Access Notes

  • These data are freely available.

Dataset(s)

DS0:  Study-Level Files
Documentation:
DS1:  Victim Survey - Download All Files (9.5 MB)
DS2:  Survey of State Officials - Download All Files (1 MB)
DS3:  Survey of Local Officials - Download All Files (2.7 MB)
DS4:  Verbatim Responses to Victim Survey in Strong State 1 - Download All Files (1.4 MB)
Data:
DS5:  Verbatim Responses to Victim Survey in Strong State 2 - Download All Files (1 MB)
Data:
DS6:  Verbatim Responses to Victim Survey in Weak State 1 - Download All Files (1.3 MB)
Data:
DS7:  Verbatim Responses to Victim Survey in Weak State 2 - Download All Files (1.2 MB)
Data:
DS8:  Verbatim Responses to Survey of State Officials - Download All Files (1 MB)
Data:
DS9:  Verbatim Responses to Survey of Local Officials - Download All Files (0.9 MB)
Data:

Study Description

Citation

Beatty, David, Susan Smith Howley, and Dean G. Kilpatrick. IMPACT OF CONSTITUTIONAL AND STATUTORY PROTECTION ON CRIME VICTIMS' RIGHTS IN FOUR STATES IN THE UNITED STATES, 1995. ICPSR version. Arlington, VA: National Center for Victims of Crime [producer], 1996. Ann Arbor, MI: Inter-university Consortium for Political and Social Research [distributor], 1999. http://doi.org/10.3886/ICPSR02467.v1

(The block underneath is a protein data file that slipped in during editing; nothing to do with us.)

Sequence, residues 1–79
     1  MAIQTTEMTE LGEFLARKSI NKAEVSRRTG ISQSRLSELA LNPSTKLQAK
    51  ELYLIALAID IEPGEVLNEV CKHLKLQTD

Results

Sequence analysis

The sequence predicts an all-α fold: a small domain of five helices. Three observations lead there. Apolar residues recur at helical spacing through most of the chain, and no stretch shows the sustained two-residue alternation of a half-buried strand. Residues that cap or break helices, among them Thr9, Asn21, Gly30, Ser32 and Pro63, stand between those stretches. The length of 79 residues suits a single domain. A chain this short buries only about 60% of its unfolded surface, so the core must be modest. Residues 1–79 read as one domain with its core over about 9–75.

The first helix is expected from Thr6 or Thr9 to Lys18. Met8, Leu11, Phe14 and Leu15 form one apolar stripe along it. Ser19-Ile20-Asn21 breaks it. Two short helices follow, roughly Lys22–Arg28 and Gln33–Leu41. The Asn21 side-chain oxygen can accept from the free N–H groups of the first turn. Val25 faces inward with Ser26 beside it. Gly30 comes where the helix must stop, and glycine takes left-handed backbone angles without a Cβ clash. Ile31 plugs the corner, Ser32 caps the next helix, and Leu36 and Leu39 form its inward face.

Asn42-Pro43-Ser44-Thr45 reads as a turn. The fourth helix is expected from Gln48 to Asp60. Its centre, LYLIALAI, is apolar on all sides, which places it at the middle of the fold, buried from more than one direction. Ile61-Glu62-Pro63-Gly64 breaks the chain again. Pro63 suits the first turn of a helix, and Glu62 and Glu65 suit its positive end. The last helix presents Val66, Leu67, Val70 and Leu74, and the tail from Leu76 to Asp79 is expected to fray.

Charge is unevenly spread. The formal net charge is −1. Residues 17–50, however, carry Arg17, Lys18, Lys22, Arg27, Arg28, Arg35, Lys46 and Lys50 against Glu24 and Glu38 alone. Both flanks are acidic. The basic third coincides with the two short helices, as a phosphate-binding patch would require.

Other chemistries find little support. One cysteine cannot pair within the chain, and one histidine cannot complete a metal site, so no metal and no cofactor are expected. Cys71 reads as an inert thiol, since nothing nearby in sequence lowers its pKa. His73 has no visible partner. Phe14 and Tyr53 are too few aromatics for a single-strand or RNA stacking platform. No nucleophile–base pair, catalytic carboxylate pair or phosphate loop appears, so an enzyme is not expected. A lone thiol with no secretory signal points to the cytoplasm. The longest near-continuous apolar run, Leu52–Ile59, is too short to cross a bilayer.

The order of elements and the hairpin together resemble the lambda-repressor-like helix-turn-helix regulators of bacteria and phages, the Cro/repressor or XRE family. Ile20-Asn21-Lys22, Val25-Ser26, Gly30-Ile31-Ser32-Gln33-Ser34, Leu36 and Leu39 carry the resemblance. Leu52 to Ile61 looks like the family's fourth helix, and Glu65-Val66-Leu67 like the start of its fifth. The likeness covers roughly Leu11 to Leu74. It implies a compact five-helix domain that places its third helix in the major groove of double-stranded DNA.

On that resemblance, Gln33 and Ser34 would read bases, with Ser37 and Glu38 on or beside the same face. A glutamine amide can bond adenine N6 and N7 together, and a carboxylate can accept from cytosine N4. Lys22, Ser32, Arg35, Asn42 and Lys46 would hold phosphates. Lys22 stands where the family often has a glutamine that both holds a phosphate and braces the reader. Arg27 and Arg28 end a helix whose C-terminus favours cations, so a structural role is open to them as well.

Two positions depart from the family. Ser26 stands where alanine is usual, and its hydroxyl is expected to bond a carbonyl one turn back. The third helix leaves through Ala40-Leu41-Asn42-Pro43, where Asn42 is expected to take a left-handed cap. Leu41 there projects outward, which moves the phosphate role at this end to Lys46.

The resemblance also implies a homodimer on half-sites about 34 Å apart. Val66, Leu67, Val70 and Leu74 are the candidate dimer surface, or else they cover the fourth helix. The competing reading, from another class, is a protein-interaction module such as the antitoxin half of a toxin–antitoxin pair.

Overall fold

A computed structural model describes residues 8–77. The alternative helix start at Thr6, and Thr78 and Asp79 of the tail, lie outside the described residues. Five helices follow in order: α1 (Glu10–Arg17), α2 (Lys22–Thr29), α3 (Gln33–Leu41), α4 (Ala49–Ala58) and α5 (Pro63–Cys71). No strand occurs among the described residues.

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Funding

This study was funded by:

  • United States Department of Justice. Office of Justice Programs. National Institute of Justice (93-IJ-CX-K003)

Scope of Study

Subject Terms:   constitutional amendments, criminal justice system, process evaluation, victim rights, victim safety, victim services, victims

Geographic Coverage:   United States

Time Period:  

  • 1995

Date of Collection: